A Minority in Their Homeland / U.S.-Dakota Conflict

A Minority in Their Homeland / U.S.-Dakota Conflict (HM1CKB)

Location: Fairfax, MN 55332 Nicollet County
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Country: United States of America
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N 44° 27.194', W 94° 44.094'

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A Minority in Their Homeland

For generations, the land stretching out around you was the homeland of the Dakota Indians. Through treaties in 1851, the Dakota sold all of their land in southern Minnesota. The treaties disregarded Dakota people's traditional decision-making processes and were written in a language they hardly knew. Making an "X" on a piece of paper was not the same as the Dakota way of taking council and obtaining the majority's consent.

After the signings, the Dakota were coerced onto reservations on the Minnesota River—but only until that land, too, was needed for white settlement. By 1860, white settlers in the Minnesota River Valley outnumbered the Dakota five to one. In a single decade, the Dakota people had become a minority in their homeland.

U.S.-Dakota Conflict

"We went down determined to take the fort," said Wambdi Tanka (Big Eagle). "If we could take it we would soon have the whole Minnesota valley."

One of the bloodiest U.S.-Indian wars was fought along the Minnesota River, from Upper Sioux Agency to New Ulm. Here at Fort Ridgely, soldiers and Dakota warriors battled for two days.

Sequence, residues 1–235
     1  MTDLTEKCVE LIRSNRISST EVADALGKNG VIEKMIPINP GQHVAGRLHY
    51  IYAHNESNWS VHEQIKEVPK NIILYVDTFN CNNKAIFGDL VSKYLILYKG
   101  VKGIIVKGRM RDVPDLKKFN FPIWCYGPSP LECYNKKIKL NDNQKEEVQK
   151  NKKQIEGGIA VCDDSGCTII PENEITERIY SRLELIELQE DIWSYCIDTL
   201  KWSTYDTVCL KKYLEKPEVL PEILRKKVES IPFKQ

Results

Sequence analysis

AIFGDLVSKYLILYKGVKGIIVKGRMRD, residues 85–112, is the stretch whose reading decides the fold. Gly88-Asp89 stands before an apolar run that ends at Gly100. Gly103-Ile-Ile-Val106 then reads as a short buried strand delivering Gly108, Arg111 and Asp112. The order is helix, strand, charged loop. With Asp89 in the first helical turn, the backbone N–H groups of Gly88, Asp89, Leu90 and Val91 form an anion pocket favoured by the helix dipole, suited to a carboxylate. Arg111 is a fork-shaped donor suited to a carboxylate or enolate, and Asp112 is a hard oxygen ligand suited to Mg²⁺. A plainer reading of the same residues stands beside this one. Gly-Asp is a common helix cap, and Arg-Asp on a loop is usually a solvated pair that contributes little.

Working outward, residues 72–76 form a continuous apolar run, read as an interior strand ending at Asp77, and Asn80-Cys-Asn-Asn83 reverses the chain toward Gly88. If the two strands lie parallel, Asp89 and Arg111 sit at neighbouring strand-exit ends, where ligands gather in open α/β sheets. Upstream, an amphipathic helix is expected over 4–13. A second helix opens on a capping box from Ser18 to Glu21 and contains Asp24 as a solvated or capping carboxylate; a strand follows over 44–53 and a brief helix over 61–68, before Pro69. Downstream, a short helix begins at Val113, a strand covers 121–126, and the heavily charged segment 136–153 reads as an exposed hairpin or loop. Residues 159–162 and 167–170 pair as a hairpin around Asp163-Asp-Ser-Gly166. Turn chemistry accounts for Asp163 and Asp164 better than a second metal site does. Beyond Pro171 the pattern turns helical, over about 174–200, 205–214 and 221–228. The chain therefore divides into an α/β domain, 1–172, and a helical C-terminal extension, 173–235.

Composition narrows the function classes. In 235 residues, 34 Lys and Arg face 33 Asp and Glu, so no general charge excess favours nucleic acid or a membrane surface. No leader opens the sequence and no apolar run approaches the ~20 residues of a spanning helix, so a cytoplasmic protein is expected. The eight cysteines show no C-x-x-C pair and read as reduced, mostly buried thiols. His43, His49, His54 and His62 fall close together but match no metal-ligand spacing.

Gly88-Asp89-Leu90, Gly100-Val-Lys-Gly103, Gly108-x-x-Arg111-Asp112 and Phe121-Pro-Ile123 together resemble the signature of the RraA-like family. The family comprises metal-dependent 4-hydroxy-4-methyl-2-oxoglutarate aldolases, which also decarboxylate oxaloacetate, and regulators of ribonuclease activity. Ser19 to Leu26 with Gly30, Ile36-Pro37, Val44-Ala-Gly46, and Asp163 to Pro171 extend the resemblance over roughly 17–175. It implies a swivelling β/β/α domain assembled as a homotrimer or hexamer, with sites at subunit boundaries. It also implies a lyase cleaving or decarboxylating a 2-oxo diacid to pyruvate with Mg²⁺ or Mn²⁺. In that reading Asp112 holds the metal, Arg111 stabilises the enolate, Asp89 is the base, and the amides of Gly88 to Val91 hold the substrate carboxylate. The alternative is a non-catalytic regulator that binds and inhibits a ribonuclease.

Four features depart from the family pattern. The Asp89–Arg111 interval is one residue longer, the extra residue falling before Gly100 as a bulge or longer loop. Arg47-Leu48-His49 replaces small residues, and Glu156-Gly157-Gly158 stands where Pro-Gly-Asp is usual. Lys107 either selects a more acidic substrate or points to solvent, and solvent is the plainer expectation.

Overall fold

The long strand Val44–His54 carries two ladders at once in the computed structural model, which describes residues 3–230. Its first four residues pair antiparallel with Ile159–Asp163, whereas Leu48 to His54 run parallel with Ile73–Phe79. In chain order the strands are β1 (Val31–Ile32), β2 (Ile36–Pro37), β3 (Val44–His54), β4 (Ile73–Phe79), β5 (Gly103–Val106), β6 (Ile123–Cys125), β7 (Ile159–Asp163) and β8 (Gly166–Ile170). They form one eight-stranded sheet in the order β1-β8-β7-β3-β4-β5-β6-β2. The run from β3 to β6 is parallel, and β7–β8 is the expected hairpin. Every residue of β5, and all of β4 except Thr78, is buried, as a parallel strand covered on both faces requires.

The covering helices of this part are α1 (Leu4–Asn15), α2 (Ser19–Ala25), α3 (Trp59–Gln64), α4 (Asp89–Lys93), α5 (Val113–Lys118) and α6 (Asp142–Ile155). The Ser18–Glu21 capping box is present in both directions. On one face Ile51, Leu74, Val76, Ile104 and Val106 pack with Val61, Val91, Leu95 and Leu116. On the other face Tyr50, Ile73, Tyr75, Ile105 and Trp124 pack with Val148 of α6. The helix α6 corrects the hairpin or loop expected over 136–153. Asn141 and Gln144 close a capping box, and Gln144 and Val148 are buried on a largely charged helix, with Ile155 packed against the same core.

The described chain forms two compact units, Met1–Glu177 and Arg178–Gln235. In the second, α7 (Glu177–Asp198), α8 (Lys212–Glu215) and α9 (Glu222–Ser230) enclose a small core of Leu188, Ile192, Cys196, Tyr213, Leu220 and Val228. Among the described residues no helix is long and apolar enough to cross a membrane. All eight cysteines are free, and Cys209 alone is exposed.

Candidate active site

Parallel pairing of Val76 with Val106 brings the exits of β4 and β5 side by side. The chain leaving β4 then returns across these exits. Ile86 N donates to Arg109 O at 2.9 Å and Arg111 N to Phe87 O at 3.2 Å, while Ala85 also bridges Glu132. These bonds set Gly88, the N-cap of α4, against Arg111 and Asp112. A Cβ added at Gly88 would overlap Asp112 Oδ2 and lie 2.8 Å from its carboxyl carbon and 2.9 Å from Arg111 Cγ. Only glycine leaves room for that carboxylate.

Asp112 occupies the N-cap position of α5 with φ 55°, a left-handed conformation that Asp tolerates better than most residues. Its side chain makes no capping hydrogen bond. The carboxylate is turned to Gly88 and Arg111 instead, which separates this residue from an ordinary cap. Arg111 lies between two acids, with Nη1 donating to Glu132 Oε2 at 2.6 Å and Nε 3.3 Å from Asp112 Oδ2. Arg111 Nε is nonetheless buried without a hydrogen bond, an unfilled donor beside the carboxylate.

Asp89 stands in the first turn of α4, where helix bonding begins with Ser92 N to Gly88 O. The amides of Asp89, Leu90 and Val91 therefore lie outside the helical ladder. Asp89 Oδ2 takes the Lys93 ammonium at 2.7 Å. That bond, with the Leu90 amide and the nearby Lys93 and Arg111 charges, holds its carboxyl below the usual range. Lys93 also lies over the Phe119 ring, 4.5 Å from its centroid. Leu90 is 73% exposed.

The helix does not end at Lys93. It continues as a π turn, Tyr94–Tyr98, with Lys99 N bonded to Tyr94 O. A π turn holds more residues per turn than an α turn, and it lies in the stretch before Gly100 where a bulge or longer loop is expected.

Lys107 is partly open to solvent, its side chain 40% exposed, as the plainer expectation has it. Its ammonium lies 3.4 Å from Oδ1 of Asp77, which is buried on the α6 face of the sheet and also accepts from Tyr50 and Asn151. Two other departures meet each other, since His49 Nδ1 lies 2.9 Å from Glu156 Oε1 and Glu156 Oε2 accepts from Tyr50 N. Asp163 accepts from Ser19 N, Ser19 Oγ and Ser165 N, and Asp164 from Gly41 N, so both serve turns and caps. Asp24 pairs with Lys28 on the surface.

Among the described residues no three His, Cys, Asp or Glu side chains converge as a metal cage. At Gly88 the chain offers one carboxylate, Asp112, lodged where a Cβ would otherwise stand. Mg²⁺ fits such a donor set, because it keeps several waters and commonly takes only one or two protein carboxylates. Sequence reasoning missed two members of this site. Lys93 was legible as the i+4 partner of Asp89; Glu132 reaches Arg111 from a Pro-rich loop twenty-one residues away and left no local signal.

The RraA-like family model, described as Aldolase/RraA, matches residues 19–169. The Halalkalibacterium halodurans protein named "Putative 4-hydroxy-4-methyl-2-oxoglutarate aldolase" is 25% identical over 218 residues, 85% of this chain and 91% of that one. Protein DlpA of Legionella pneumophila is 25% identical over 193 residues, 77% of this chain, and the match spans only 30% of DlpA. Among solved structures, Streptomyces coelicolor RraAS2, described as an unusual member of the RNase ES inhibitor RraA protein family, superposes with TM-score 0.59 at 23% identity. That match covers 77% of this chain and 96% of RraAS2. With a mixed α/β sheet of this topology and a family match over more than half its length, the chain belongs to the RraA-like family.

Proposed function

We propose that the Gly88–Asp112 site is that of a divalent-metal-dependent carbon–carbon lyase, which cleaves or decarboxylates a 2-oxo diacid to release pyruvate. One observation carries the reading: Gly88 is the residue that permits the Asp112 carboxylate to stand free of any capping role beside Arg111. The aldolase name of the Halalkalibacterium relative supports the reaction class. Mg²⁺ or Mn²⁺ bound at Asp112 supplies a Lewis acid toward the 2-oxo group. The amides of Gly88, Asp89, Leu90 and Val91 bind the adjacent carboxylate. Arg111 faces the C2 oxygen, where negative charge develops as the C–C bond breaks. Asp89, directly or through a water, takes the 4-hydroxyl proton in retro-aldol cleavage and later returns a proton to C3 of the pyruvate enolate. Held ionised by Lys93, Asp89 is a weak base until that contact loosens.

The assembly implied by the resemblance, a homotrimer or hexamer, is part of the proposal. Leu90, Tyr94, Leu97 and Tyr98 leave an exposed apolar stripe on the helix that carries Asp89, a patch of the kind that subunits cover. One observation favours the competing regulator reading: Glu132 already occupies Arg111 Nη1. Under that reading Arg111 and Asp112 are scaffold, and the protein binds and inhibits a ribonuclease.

By the summer of 1862, Dakota families were on the verge of starvation. They had been waiting months for food promised them in government treaties. Tensions exploded on August 16, 1862, when Dakota leaders confronted Lower Sioux Agency trader Andrew Myrick demanding the food they had been promised. Myrick reportedly said they should "eat grass if they are hungry." Furious Dakota warriors attacked the agencies, towns, and settlers in the region. Myrick was one of the first to be killed, and his mouth was stuffed with grass.

The violence lasted more than a month. About 500 settlers and 80 soldiers were killed. Many Dakota were also killed, and hundreds died in the aftermath. Hundreds more were rounded up and incarcerated at Fort Snelling where at least 130 died, most of them children. All treaties were voided, and the Dakota people were exiled from the state. After a trial, 38 Dakota men were hanged in Mankato on December 26, 1862—the largest mass execution in U.S. history.

Minnesota Historical Society
Fort Ridgely
Series This marker is part of the Minnesota Historical Society series, and the Minnesota: Fort Ridgely Interpretive Series series.
Historical Period19th Century
Historical PlaceBattlefield, Fort, Military Installation, Monument, Park
Marker TypeOther
Marker ClassNeither
Marker StyleFree Standing
Placed ByMinnesota Historical Society
Marker ConditionNo reports yet
Date Added Tuesday, September 2nd, 2014 at 1:43pm PDT -07:00
Sorry, but we don't have a picture of this historical marker yet. The member who adopted this marker listing is responsible for adding pictures.
Locationbig map
UTM (WGS84 Datum)15T E 361968 N 4923678
Decimal Degrees44.45323333, -94.73490000
Degrees and Decimal MinutesN 44° 27.194', W 94° 44.094'
Degrees, Minutes and Seconds44° 27' 11.6400" N, 94° 44' 5.6400" W
Driving DirectionsGoogle Maps
Area Code(s)507
Can be seen from road?Yes
Is marker in the median?No
Which side of the road?Marker is on the right when traveling West
Closest Postal AddressAt or near 6 Co Hwy 30, Fairfax MN 55332, US
Alternative Maps Google Maps, MapQuest, Bing Maps, Yahoo Maps, MSR Maps, OpenCycleMap, MyTopo Maps, OpenStreetMap

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